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The first thing that I think of when it comes to film noir is the general look of the film. The dark lighting, the shadows, that sort of thing. Secondly, the main of characters always fall into a very gray area when it comes to morality. They're all a little too greedy. Stanwyck's character is looking to kill her husband in DOUBLE INDEMNITY and MacMurray, the stable insurance guy is willing to help her. Everyone in a noir is dirty! I wouldn't put THE GODFATHER in the noir category either. It's pretty much a straight gangster film albeit and excellent one! I think of OUT OF THE PAST, SORRY WRONG NUMBER, and THE BIG SLEEP when I think of noir. I'm sure someone else can do a better job at defining film noir. I love the stuff though whatever it is!

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Guest veejayel

HERE ARE THE SPECIFIC ELEMENTS OF "FILM NOIR": True "film noir" has a unique "visual style" (dark and oppressive) as well as having the strong presence of a narrator. Remember Crawford's narration in "Mildred Pierce"; or William Holden's narration in "Sunset Boulevard"? These narrations are often told as "flashbacks" with action taking place in the present and alternating with the past via flashbacks. The protagonist relives his/her past in these flashbacks to find out where things went so terribly wrong. Another narrative technique is the use of "voice overs" which serve as a "cue" to the audience that another flashback event is about to occur. "Film noir" presents very dark and foreboding themes (greed, desire, lust, betrayal, paranoia) and these dark themes are reflected in the "visual style" which uses dark sets and unusual lighting techniques in order to create strong sinister shadows. Another common element is the presence of an attractive yet dangerous woman who often willfully tempts a male character to commit a crime or some other unscrupulous act in order to satisfy her greed. Although many movies may have a few elements of a "film noir" there are Three Key Elements which must be present in order to classify a film as such. These three elements are: 1. A strong and distinctive narrative style (often using "voice overs" and "flashbacks"). 2. A dark and foreboding theme (e.g., greed, lust, betrayal, etc.). 3. A unique visual style which uses dark sets with unusual lighting techniques to create dark and sinister looking shadows.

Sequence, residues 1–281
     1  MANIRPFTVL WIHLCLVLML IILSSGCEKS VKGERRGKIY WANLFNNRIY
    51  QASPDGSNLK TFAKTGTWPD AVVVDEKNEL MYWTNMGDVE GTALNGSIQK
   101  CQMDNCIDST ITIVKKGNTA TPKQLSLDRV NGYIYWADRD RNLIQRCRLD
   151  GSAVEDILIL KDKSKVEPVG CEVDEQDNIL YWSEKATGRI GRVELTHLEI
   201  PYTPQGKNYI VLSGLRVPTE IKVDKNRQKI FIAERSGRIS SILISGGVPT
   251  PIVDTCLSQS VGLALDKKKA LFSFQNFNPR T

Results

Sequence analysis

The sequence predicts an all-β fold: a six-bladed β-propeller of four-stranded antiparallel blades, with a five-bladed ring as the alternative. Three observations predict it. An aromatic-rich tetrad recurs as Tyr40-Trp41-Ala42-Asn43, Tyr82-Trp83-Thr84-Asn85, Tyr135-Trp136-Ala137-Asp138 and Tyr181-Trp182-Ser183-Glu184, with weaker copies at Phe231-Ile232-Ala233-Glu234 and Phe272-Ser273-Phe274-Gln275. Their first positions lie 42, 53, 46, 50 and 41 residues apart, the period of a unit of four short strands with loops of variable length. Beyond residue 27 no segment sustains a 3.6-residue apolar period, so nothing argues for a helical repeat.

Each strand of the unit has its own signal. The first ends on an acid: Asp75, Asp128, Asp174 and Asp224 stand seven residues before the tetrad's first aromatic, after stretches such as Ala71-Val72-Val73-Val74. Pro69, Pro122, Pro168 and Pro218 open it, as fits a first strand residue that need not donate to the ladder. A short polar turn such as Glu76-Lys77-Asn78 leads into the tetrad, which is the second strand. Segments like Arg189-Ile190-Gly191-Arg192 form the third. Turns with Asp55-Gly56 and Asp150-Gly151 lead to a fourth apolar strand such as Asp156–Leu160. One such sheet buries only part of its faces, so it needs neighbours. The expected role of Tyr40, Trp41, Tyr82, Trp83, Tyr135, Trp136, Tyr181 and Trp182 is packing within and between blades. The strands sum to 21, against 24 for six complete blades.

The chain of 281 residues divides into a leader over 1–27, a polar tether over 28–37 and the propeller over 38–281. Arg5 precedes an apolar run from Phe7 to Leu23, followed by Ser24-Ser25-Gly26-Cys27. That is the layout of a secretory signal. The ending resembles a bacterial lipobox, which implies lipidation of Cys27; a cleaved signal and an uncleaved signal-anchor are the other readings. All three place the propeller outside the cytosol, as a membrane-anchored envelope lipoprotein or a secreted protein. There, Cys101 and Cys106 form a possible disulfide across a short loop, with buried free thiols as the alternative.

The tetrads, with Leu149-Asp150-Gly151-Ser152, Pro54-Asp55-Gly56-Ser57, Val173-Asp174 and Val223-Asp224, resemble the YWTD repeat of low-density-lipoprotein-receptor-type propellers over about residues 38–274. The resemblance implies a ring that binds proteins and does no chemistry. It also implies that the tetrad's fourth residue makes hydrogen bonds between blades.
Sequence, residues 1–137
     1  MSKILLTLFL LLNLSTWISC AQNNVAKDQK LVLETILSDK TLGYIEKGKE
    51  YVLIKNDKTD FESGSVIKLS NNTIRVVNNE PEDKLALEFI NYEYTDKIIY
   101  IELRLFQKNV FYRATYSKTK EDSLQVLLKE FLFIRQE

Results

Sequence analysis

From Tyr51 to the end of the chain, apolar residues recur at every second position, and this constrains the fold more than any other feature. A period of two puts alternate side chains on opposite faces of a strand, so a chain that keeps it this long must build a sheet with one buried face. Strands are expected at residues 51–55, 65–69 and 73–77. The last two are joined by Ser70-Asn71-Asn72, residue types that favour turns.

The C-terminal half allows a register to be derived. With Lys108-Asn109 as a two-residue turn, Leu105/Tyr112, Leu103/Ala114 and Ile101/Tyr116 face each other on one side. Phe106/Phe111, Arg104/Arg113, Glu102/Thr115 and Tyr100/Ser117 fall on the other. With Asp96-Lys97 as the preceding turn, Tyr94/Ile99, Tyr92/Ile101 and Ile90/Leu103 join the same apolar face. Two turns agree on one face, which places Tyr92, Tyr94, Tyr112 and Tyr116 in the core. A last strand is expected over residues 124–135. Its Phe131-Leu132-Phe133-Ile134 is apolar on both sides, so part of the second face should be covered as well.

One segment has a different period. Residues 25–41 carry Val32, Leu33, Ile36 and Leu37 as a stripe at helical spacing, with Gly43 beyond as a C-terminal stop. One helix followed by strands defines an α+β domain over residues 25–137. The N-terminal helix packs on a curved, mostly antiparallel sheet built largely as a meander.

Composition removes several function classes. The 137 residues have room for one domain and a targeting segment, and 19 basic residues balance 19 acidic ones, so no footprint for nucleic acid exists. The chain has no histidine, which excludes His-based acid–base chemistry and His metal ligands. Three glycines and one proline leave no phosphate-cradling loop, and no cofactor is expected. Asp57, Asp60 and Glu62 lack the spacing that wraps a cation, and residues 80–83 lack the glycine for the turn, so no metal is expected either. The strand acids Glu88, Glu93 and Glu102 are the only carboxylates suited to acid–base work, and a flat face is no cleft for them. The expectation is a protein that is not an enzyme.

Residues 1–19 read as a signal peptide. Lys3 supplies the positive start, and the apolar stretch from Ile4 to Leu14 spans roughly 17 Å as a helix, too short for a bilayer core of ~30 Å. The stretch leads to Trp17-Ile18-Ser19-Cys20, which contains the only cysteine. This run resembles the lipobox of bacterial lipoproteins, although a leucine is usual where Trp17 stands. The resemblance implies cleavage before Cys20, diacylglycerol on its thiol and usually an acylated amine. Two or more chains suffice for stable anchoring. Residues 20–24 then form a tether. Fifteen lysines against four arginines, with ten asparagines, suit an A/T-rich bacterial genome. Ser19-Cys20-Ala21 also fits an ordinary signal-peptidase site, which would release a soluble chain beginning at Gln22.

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Guest HEAT), Abbe Buck (all about THE BIG

Best movie maker of the genre: Fritz Lang....oh, yeah. 'The Big Heat' - I first saw it in an art house while in 9th grade. Omigod. Blew me away! I still cringe and laugh at at Gloria Graham, and can still hear her say to the evil Bertha "We're sisters under the mink." TCM aired the film in Nov. They gotta play it again! It really made Lee Marvin a movie star, and as for Glenn Ford, it goes without saying...anything with Ford, or Dana Andrews knocks me cold. Turner Classic Movies is certainly doing Glenn Ford justice; they have aired his movies 50 times in NOV and DEC (hear, hear! see: www.glennfordonline.com) BTW, Big essay on the movie in 'Movie Love of the 50's' by James Harvey. Abbe B., no femme fatale - trust me! www.abbebuck.com

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Guest n, sandra

Has anyone seen 'THE MAN THAT WASN'T THERE'? (a Cohen Brothers film). It is an excellent modern treatment of the genre.

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Guest olmsted, l

I saw it and really enjoyed it, but although I like all the actors in the film, I still prefer the true classics. I appreciate the throwback to the genre, but I thought there were some things in the movie that were more modern that you wouldn't see in a true film noir from the '40's.

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After having discussed films that you love, would anyone be interested in sharing a story about a movie they have seen that impacted their life in some way? This movie made such a personal impact, it forced you to look into and reevaluated your present situation thus, taking the steps you needed to make a change. Please, feel free to share your story, I am extremely interested in hearing it. Thanks!!

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Guest Lompe, Randall